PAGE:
Antique furniture is something which many of us take great pleasure in. Whether it’s for aesthetic reasons, historical association or love of antiques in general its popularity in homes is continually increasing. It can be used to complement modern styles in newly built properties as well as just in more traditional buildings, so it’s good to know the periods and styles of antique furniture.
Furniture Periods and Styles
The world of antiques is a veritable treasure trove of interest and half of the joy of owning any antique furniture is learning more about its history and influences. The sheer number of different styles is extensive but here is a brief description of a few of the most popular ones and their distinctive design elements.
The Baroque Furniture Period and Style (1600 – 1750)
The baroque style originates from Italy in the 17th Century. The baroque period is most widely known for its glamorous, flamboyant style and reflected a sense of drama and opulence. It originated in Italy but quickly spread across Europe as it was seen as a means of demonstrating wealth and power.
The word baroque can sometimes be used completely disassociated from the art movement simply meaning that something is elaborate. It is known for being highly detailed and ornate and baroque furniture is often favoured in homes that want to introduce focal pieces or an added sense of grandeur.
Colonial Period and Style (1700 – 1780)
Pennsylvania Dutch Period and Style (1720 – 1830)
Federal Period and Style (1780 – 1820)
Sheraton Period and Style (1780 – 1820)
Shaker Period and Style (1820 – 1860)
Victorian Period and Style (1840 – 1910)
The Art Nouveau Furniture Period and Style (1890 – 1910)
One of the most recognised styles of antique furniture and also one of the most popular. Art Nouveau dates from the end of the 19th Century to around 1914. The art movement incorporated a lot of floral motifs and designs as well as feminine curves and flowing lines.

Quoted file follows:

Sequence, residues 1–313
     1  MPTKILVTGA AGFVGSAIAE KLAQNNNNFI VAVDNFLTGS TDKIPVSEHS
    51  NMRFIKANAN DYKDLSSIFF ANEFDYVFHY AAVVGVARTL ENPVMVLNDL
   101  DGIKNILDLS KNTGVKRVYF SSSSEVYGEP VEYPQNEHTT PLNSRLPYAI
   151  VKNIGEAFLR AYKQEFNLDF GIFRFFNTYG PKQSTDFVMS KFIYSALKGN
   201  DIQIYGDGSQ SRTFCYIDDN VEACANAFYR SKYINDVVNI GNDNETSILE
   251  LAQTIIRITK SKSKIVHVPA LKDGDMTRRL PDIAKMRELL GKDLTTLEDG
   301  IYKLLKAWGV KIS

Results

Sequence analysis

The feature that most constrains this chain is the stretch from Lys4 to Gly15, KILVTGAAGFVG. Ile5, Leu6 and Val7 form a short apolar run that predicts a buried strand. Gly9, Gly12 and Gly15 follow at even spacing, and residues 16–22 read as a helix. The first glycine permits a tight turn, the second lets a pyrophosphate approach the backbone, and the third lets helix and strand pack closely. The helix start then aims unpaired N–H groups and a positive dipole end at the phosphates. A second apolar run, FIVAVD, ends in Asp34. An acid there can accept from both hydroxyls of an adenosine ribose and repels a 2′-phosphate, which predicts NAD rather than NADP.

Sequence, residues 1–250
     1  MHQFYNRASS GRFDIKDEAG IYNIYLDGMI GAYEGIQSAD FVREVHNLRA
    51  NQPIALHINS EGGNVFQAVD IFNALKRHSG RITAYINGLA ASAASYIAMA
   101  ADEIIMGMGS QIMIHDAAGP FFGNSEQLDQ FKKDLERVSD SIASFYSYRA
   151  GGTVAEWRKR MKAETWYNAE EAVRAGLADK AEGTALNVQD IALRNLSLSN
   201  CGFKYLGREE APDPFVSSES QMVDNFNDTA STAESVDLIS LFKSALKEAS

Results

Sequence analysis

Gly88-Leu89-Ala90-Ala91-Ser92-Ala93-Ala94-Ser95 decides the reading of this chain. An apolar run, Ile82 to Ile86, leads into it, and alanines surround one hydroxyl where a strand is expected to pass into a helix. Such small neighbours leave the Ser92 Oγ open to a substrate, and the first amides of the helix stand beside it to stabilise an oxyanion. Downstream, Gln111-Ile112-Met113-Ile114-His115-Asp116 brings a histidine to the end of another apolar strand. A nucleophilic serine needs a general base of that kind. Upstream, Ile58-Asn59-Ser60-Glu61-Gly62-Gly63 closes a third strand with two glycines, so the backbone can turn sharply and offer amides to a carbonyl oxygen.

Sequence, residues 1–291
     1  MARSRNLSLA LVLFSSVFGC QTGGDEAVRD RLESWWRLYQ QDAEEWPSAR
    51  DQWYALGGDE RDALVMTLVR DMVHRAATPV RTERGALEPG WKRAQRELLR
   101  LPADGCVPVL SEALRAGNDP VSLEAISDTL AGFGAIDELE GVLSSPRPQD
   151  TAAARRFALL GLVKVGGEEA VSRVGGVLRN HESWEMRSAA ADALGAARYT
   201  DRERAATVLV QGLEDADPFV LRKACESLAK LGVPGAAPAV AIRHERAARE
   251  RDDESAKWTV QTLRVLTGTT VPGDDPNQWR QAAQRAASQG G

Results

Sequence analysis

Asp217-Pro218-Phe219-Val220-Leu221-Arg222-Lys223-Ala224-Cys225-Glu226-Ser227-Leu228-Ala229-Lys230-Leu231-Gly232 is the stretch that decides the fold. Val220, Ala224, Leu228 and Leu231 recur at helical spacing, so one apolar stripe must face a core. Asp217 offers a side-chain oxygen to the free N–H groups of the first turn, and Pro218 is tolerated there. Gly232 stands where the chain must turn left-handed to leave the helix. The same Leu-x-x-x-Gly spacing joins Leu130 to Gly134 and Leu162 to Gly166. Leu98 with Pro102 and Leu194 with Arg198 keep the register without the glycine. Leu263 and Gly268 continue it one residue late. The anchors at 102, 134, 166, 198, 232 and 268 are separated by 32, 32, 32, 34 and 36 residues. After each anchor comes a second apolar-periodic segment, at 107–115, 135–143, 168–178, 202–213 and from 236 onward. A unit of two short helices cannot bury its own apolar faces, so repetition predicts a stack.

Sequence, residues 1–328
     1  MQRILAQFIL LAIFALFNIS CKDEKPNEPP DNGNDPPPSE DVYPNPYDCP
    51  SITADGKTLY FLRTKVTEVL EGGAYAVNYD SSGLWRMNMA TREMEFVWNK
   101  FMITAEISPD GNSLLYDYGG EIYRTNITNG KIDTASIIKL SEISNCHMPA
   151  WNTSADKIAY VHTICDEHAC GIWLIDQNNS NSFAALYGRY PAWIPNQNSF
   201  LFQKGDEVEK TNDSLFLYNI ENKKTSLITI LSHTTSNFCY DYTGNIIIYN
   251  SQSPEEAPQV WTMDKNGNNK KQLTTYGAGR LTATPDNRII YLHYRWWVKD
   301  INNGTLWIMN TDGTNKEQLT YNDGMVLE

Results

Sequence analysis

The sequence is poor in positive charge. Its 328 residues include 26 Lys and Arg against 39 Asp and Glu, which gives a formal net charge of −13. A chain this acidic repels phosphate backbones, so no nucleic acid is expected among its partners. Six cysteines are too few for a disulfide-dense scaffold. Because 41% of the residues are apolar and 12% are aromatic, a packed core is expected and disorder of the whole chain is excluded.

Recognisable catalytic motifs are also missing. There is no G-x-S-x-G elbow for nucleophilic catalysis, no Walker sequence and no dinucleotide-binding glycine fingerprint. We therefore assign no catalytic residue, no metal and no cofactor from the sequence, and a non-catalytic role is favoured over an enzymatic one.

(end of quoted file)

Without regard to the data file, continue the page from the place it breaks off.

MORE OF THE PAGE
The appeal of art nouveau furniture at the time was not as popular as many people would expect given its wide appeal now. The furniture was often difficult to mass-produce and so saw most of its demand remain in France and Belgium.
It was produced in factories and due to this saw a lot of derision from previous antique makers for not being precision handcrafted in their eyes. In spite of this, it retained an expensive price tag and was deemed a form of art furniture. This has potentially led to its increased desirability in recent times.
The Art Deco Furniture Period and Style (1910 – 1940)
The Art deco movement quickly followed the Art Nouveau scene and first materialised around 1920. Being a shortened name of Arts Décoratifs, it had a more modern aesthetic to it than previous styles and made greater use of newer materials and technologies.
It was celebrated as a demonstration of technological advancement and was made famous in icons such as the Chrysler Building in New York. Art Deco constituted sleek lines, mathematical geometric shapes and made use of materials as lavish as crystal jade and ivory.
It should be noted that due to the Depression Post World War I many of these materials were replaced with cheaper ones such as chrome and plastic. Sometimes viewed as gaudy it is quite a modern-looking style that looks very distinct to more traditional styles.
Traditional Revival Period and Style (1920 – 1950)